3 439 accompanies it. While one of the meys plays the tune ezgi, the other sustains a drone called dem. It takes the place of an accompanying instrument when played in groups; before the tunes the improvisation is called açış or taksim. Its mellow and wistful sound is consistent with these forms. The mey was found widely in the eastern and north-eastern regions of Türkiye. It was played for the first time in 1950, during a broadcast on Turkish State Radio. It has also been used as an aşık s (minstrel s) instrument. Currently, because of the effects of mass media, the increase in the number of institutions where music education takes place, the growth of conservatories after 1976, and particularly due to the realization of the meaning and importance of professional performance, the mey has become widely used in almost all parts of the country in popular music, and in many compositions, both solo and ensemble. This popularity has certainly produced some changes. The size of the mey was approximately 30 cm before According to the information obtained from Binali Selman, a famous mey player, three sizes of mey were being played (Picken, 1975: 476) Until the 1990s, these three sizes of mey have been used and by means of the reed and boğaz adaptor, one tries to solve the problem of tuning the mey with other instruments. In the resulting heavy demand, Ayhan Kahraman, a manufacturer of the instruments, produces eight separate sizes of mey each corresponding to a diatonic scale. Since mey is not a transposing instrument, the performer who wants tune has to change the reed for each tone while tuning the instrument. (Bkz.: s. 501) Today, primarily in Istanbul, manufacturing meys has become a thriving business. There are four manufacturers who produce the instruments. Some manufacturers continuously improve their manufacturing techniques for the instrument and use very good quality materials. Two mey manufactures come from the Asian side of Türkiye, Dikran Nisan ( ) who was one of the oldest and best-known masters in Anatolia, was an Armenian. A Turkish citizen from Diyarbakır, called Nişo Usta (Master Nişo) managed to be a manufacturer of mey besides being a carpenter. The mey player called Cabbar Bozkurtlar ( ) in Artvin, manufactured meys with a manual lathe similar to the master Nişo a few years ago. The Balaban [Balaman, Yastı Balaman] The Azerbaijani balaban has eight finger holes and one thumb hole, and occasionally an additional hole on the lower back end. It is 28 to 37 cm long and made of mulberry or apricot wood. The reed is 9 to 11 cm long and inserted into the globular head. (Rahmatov, 1975: 37) (Bkz.: s. 502) The Azerbaijani balaban has a soft, velvety sound rich in dynamic nuances. Primarily an ensemble instrument it is often played in duets, with the nagara (drum) or daf (frame drum) for songs, dances, and purely instrumental pieces. The Azerbaijani balaban has two main duties: as soloist or accompanist, usually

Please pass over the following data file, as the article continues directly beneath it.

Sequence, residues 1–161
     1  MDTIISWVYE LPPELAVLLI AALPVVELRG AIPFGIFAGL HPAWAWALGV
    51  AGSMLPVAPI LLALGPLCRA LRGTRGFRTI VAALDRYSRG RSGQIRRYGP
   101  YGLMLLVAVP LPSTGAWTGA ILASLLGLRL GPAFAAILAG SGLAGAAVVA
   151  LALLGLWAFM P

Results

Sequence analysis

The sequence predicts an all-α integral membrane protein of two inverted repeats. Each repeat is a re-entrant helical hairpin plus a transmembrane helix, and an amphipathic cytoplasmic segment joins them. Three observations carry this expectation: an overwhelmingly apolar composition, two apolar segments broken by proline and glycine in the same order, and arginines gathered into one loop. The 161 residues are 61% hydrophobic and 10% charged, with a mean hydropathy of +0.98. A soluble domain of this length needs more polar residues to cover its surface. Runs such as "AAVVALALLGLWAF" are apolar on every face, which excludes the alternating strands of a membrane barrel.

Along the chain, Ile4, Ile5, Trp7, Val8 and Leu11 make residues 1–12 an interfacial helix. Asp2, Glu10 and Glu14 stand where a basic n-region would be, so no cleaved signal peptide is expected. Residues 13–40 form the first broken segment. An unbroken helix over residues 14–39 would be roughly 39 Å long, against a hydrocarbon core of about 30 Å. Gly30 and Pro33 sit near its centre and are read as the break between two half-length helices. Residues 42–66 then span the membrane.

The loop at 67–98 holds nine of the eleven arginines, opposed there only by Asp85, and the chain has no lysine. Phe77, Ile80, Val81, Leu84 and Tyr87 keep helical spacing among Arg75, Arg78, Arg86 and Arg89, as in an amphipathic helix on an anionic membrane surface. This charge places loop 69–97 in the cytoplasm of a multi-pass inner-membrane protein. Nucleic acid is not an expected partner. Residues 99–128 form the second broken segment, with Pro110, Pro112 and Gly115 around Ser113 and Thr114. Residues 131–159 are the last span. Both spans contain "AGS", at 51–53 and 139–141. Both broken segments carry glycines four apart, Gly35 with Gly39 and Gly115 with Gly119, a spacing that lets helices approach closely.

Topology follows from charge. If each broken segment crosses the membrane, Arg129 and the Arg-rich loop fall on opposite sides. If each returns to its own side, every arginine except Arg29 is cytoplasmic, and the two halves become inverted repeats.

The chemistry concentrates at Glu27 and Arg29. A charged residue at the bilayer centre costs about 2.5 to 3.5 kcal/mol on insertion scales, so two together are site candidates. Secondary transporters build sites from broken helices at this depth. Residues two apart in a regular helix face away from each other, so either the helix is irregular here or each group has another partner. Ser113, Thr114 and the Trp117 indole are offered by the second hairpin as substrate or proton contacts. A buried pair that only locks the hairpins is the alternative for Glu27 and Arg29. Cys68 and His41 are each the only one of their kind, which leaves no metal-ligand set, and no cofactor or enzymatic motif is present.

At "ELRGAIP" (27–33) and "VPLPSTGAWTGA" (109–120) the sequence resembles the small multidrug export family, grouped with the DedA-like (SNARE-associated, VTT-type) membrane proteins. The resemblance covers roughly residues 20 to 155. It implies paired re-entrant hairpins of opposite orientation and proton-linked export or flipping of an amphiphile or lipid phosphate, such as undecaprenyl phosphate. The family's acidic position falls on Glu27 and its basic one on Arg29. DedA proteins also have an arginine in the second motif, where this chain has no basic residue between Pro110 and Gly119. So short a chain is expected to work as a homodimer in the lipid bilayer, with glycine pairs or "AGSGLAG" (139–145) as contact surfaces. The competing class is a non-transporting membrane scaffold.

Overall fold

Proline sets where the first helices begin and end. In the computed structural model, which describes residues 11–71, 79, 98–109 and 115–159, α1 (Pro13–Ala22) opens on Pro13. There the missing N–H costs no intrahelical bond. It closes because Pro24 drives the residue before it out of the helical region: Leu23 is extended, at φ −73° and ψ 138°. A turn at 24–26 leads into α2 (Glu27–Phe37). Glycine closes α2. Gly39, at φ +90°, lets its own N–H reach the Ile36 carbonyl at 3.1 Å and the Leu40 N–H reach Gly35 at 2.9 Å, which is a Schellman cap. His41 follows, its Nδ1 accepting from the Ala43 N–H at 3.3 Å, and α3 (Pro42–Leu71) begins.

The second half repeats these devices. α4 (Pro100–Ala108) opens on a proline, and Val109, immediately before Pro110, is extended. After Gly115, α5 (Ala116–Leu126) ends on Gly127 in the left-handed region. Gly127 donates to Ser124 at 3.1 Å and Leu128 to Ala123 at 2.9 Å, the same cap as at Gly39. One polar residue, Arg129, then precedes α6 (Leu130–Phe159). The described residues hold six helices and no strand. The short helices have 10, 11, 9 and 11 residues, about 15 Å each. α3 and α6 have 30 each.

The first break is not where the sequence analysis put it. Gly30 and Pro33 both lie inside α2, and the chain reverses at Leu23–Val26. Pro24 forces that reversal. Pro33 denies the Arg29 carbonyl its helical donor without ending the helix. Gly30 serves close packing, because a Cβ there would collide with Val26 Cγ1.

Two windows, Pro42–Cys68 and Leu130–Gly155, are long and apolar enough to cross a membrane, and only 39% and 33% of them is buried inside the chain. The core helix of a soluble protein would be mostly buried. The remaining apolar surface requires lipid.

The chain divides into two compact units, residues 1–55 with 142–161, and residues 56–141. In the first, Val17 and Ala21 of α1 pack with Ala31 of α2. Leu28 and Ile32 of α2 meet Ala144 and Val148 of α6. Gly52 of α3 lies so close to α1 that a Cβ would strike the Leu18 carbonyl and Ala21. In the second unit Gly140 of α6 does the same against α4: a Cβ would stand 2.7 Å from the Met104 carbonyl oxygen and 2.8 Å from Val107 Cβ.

4 440 two balabans play together. The instrument is not an ideal one to play very rhythmic or technical pieces (Koçarow, 1977: 4-5). A balaban also accompanies an ashug (poet-singer). The balaban is used in folk orchestras and played in larger professional or amateur ensembles belonging to urban and rural clubs. The older balaban had five to seven finger holes. The balaban has started to accompany the clarinet since the end of the 19 th century. This is the reason why G and B flat have been added to the balaban in the lower register. In the end the balaban has been widened four-five centimeters so the second balaban with eight finger holes has been developed. Sometimes an additional hole is made in the lower end of the tube at the back. There are two different sizes of balabans. One of them has nine finger holes (eight on the front, one at the back) the other has eleven finger holes (eight on the front, three at the back). The tenth and eleventh finger holes in the second balaban are to widen the sound. The balaban produces a diatonic scale with a range of a ninth or eleventh chromatic notes are produced by partly covering the finger holes. (Abdullaheva, 1984: 60-61). Üzeyir Hacıbeyov, an Azerbaijan "folk instruments orchestra" was created, and the balaban has been used in the orchestra as a solo instrument since It sounds a half tone lower than written (Koçarow, 1977: 5). There are a lot of folk musicians who perform the balaban/balaman in Azerbaijan as well as professional musicians (Behrur Zeynalov, Alekber Askerov, Hasret Hüseynov, Abıs Abısov). The instrument is used in dance tunes in minstrel songs or with symphony orchestras or folk music orchestras and in popular music quite a lot (Şenel, 2002: 17). On the other hand, Albright describes of the Persian balaban, as 35 cm long, with seven finger holes and a thumb hole, made of mulberry or walnut, with a bore diameter of 1.5 cm and a double-reed six cm long (Albright 1989, 3-569). Jenkins describes the Iranian balaban as 40 cm long reed and pipe together. The balaban or qarnata, which is also used by the Turkmen and Kurds of north east Iraq, is made from a straight tube about 30 cm long, with seven finger holes and one thumb hole. The broad rectangular double-reed (pik, qamish) is 10 cm long and fitted with ring-shaped regulators (Jenkins, 1976: 70). The Duduk The duduk is a cylindrical instrument always made of apricot wood. The instrument itself is simply a hollow pipe with eight finger holes on the upper side and one thumb hole on the bottom. (Bkz.: s. 502) Andy Nercessian said Robert Atayan writes in 1980 s version Grove s Dictionary of Music and musicians that it comes in three sizes varying from 28cm to 40 cm, Garlen, the most well-known and perhaps only duduk maker in Yerevan, did not confirm this, stating instead that aside from the four most commonly made types, he has experimented enough to create a tiny 15 cm